At different times there have been campaigns to ‘Buy British’ – patriotic efforts to support the economy. The campaigns seem quite popular, but usually fade out, having made little difference to major macro-economic variables.
It is a form of economic nationalism and similar campaigns can be seen in many different countries. Buy British campaigns can make more difference when they are targeted at particular industries, such as farming, steel.
Examples of Buy British Campaigns
- 1930s A ‘Buy British’ campaign was launched by the Conservative-dominated National Government shortly after its election victory in 1931. The backdrop of this campaign was the Great Depression, and rising tariff duties as declining trade and rising unemployment made people more conscious of ‘protecting’ domestic industries.
- In 1968, a ‘Buy British’ campaign was started. It received backing from the government and led to a proliferation of British flags on British marked goods. It also involved some people volunteering to work an extra half an hour a day without pay. The 1960s was considered a period of economic malaise in the UK – with large current account deficit (which then was a major political concern) In 1967, the government had been forced to devalue the Pound by 14% in response to the Pounds weakness. The campaign received widespread media coverage, but generally fizzled out without making any significant changes. It
- 1980s / 90s. Buy British agriculture more targeted campaigns to support British farmers visible in supermarkets.
- 2016 – Buy British Steel in response to decline of British steel industry in face of Chinese competitors.
Motivations for Buy British campaigns
Balance of payments – current account deficit. A current account deficit means the value of imports (goods + services) is greater than the value of exports. If people can be encouraged to switch from foreign imports to domestic production, you can improve the current account without recourse to devaluation or reducing consumer spending.
Domestic jobs. Buying British goods supports British industries and helps protect / create jobs in UK rather than spending money abroad.
Retaliation against unfair competition. If agricultural markets were flooded with cheap imports from countries ‘dumping’ their surplus, there would be a case to avoid these cheap imports and buy British products. For example, some argue the Chinese steel industry has unfairly engaged in over-supply causing prices to plummet below cost. In response to this, there is a case for British industry to buy British steel rather than reward those firms / countries trying to gain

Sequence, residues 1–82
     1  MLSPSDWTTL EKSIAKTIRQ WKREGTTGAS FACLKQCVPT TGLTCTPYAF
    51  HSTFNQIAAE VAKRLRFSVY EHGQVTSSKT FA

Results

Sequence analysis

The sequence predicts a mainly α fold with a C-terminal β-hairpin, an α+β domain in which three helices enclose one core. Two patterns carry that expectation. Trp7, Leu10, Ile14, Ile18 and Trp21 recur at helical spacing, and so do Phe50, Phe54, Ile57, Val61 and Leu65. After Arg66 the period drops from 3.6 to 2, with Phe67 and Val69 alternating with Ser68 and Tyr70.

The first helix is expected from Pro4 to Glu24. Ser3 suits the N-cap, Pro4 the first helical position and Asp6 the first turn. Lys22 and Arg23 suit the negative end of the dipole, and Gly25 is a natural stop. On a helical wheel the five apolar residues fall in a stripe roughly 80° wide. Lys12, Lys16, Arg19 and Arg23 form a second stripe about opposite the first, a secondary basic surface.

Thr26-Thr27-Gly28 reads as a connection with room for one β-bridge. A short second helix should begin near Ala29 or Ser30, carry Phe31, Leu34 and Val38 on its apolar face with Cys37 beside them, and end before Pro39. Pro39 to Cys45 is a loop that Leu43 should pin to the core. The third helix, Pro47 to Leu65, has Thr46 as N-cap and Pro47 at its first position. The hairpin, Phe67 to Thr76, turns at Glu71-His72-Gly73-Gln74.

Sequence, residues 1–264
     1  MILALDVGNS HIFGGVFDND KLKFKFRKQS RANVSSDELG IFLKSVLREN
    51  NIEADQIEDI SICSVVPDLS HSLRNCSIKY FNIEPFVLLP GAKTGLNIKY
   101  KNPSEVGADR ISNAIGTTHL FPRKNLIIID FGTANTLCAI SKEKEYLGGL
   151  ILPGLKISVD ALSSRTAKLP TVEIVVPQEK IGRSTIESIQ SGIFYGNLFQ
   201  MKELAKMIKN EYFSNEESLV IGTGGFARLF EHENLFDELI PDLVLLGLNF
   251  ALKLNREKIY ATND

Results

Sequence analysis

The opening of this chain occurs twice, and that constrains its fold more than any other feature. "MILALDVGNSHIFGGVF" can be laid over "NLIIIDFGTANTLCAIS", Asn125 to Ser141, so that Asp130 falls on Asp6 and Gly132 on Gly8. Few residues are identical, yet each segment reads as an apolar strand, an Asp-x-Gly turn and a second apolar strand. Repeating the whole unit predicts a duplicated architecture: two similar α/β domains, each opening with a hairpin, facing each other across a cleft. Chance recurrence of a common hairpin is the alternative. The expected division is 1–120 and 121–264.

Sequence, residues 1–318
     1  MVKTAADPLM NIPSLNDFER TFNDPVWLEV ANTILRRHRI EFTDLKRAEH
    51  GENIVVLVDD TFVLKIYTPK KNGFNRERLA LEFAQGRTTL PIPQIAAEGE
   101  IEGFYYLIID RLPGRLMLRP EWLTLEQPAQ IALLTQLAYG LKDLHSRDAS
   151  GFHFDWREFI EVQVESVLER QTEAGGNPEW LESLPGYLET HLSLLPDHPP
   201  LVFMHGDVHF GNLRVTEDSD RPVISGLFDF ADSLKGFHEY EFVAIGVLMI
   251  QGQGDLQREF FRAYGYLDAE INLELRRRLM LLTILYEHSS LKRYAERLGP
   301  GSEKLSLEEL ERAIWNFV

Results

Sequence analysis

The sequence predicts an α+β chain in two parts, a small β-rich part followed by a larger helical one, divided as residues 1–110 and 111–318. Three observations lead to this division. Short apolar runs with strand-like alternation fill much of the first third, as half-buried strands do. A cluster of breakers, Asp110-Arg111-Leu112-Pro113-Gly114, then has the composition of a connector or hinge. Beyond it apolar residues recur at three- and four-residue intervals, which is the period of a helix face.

Prevent foreign companies gaining monopoly. There may be strategic reasons to keep a domestic industry going. A foreign multinational could flood the market with cheap imports causing domestic industry to go out of business. But, then we are captive to a foreign monopoly who can push up prices at a later stage. Buying British and supporting domestic industry can avoid this threat of foreign monopoly.
Problems of Buy British Campaigns
Supports uncompetitive industries. The problem with the Buy British campaign of the 1960s and 1970s was that many British industries were not producing competitive goods. An example, is the British car industry. People who bought British cars, like British Leyland found they were more unreliable and broke down.You could argue the Buy British campaigns of the 1960s were followed by British car becoming the butt of jokes by comedians in the 1970s. Buy British is OK, but if your car breaks down, you would rather buy an import than have a broken down car.
Also, If people keep buying from uncompetitive industries, then the industry has less incentive to improve efficiency and overcome its problems. If we lose comparative advantage in an industry, it may be better to let the industry go out of business to allow resources and labour to move to industries where there is a new comparative advantage.
Free rider problem. If everybody bought more British goods and less imports, the current account deficit would improve and living standards rise. However, as an individual consumer you have a motivation to free ride on the choices of other people. The best is if other people buy British, but you get to choose a Japanese import. (Free rider problem)
Hard to alter consumer behaviour. It’s hard to alter consumer behaviour. If you stop people in a supermarket and ask a shopper if they are happy to pay an extra 5% to support British farmers, the majority probably will. But, for other industries, we don’t feel the same loyalty.
What do we mean made in Britain? Also, it is hard to know the nationality of goods and services because many cars are produced in several different countries. Most goods are now produced in more than one country.. Also, major British industries are often owned by foreign companies. Nissan and Mini are British factories, but owned by Japanese and German owners. Are we buying British if we buy a mini or Nissan car.
Fair trade. Under EU rules, there is legislation to prevent unfair competition for domestic industries. It means we can’t favour a British industry over another European firm. The advantage works for British firms bidding for contracts in the rest of Europe.